Service-Oriented Architecture (SOA) is an architectural style that supports service-orientation.
Service-orientation is a way of thinking in terms of services and service-based development and the outcomes of services.
A service is a logical representation of a repeatable business activity that has a specified outcome (e.g., check customer credit; provide weather data, consolidate drilling reports, etc.) and:
An architectural style is the combination of distinctive features in which architecture is performed or expressed.
SOA is based on the design of solutions using services – which mirror real-world business activities – comprising the enterprise (or inter-enterprise) business processes. Service representation utilizes business descriptions to provide context (i.e., business process, goal, rule, policy, service interface, service component, etc.).
SOA places unique requirements on the infrastructure. Because of this, it is recommended that implementations use open standards to realize interoperability and location transparency. For instance, those requiring the use of those services must somehow document the availability of services in a place easily accessible. An SOA-specific Directory Service and an Enterprise Service Bus are two examples of technology implementations that require adherence to relevant open standards to achieve the interoperability that SOA promises.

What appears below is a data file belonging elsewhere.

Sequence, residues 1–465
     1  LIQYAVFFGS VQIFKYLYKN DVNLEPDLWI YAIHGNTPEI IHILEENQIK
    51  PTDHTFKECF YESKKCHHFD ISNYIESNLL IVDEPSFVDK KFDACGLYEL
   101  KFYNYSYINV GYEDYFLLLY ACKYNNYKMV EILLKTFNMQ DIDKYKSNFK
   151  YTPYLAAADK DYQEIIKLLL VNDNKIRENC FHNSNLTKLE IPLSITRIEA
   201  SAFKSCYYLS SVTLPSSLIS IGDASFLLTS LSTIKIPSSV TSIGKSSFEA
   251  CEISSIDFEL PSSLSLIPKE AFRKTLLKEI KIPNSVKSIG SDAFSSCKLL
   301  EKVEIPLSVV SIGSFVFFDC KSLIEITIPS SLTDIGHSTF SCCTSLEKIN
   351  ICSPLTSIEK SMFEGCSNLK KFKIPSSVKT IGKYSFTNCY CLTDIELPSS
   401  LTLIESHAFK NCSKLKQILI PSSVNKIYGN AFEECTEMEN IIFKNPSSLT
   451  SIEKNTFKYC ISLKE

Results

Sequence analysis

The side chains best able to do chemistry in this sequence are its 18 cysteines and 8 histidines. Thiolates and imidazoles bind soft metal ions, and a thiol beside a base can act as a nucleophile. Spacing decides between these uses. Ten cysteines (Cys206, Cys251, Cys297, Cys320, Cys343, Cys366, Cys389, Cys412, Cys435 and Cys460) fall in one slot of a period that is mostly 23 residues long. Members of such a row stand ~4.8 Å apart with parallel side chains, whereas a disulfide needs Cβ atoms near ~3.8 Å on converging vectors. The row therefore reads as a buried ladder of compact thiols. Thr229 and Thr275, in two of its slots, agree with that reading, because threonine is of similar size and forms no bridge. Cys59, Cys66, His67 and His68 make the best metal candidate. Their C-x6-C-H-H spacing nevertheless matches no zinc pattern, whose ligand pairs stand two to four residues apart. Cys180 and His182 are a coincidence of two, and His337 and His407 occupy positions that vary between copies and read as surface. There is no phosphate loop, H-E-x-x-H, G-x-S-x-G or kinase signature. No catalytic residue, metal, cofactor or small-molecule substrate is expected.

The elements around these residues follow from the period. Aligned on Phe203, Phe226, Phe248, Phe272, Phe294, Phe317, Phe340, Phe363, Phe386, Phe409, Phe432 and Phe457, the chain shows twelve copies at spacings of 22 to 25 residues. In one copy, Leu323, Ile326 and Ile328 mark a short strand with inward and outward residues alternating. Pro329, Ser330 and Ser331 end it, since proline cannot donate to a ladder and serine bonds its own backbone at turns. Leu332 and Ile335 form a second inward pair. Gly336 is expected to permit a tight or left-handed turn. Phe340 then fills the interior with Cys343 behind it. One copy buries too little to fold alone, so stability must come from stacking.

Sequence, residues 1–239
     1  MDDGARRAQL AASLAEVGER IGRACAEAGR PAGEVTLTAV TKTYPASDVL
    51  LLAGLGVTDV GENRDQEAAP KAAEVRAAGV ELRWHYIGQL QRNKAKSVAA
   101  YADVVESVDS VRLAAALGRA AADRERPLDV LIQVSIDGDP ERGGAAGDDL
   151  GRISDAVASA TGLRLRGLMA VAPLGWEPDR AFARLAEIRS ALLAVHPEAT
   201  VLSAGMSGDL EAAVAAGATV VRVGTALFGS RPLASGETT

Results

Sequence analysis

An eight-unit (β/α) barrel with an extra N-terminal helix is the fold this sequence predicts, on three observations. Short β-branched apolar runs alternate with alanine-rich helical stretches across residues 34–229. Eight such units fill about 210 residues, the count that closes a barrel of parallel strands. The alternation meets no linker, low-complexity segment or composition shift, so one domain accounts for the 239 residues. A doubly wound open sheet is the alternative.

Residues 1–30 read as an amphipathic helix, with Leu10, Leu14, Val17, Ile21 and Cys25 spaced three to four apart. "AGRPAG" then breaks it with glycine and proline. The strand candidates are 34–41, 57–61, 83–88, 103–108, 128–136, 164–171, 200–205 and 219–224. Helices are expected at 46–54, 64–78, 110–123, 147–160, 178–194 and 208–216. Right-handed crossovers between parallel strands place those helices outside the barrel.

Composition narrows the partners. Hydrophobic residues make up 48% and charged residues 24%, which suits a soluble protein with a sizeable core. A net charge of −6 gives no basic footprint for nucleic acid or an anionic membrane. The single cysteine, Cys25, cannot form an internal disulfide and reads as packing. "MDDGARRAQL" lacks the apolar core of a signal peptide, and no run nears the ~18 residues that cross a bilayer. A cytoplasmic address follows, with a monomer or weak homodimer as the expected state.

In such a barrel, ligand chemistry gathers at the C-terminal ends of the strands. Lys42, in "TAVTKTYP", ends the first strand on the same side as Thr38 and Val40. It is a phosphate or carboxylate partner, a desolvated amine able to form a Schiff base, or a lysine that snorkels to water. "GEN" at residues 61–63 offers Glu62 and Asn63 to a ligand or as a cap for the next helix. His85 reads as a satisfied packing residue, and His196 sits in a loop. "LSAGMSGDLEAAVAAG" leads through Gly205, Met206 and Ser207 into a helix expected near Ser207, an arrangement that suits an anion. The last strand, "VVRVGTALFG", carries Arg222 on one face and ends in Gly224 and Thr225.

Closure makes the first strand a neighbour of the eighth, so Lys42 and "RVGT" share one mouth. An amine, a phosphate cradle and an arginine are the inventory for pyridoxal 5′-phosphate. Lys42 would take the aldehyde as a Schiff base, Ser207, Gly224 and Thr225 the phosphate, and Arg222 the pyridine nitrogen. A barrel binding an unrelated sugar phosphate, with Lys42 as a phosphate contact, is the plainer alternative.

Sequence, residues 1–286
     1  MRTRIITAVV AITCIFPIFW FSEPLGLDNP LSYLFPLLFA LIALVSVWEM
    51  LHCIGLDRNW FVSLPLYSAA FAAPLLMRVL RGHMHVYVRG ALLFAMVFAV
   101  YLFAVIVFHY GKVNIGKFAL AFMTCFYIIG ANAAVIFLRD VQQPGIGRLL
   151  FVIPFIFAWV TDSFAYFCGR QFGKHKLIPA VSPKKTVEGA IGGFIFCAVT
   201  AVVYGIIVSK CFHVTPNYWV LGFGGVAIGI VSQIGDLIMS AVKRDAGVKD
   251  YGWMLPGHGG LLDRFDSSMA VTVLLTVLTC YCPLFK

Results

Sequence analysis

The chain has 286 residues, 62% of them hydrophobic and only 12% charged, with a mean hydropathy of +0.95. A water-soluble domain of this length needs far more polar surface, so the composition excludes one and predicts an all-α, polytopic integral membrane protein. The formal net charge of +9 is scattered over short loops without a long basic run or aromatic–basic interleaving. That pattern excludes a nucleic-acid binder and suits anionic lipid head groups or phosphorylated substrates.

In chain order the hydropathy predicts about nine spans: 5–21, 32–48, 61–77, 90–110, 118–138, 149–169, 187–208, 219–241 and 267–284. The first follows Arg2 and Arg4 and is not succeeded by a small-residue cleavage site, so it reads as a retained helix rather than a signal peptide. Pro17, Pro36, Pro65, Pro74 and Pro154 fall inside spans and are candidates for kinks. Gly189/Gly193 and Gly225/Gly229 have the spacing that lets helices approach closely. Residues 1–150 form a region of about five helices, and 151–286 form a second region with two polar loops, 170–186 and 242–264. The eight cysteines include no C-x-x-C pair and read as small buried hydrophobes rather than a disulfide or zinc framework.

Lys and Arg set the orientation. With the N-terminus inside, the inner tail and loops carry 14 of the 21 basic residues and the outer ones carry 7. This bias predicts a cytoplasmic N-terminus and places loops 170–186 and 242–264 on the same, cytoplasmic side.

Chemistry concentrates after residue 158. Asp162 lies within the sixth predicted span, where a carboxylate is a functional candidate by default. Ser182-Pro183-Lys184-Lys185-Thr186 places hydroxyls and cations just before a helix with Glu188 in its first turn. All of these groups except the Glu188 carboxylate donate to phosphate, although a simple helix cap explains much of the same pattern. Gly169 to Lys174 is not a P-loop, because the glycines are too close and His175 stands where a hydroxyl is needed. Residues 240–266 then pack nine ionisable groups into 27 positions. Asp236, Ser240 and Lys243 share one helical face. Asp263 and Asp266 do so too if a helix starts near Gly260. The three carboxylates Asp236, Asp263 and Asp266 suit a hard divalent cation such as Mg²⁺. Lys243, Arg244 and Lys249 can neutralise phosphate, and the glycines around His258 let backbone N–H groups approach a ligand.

Implementations are enterprise environment-specific – they are constrained or enabled by context and must be described within that context. Given that, SOA requires strong governance of service representation and implementation.
Enterprise architecture provides frameworks, tools, and techniques to assist organizations with the development and maintenance of their SOAs. Some of the key benefits that enterprise architecture provides include:
Enterprise architecture becomes a foundation for service-orienting an organization because it links stakeholders together, ensuring that the needs of each stakeholder community are met and that each stakeholder community is aware of appropriate context. This linkage is the foundation for interoperability and re-use.
Through its linking of the business context to information technology, enterprise architecture readily identifies and provides justification for the cost of change programs in relation to the business value to be derived from the effort. Enterprise architecture may provide the context and analysis capabilities to support:
Without enterprise architecture, the risk may increase for: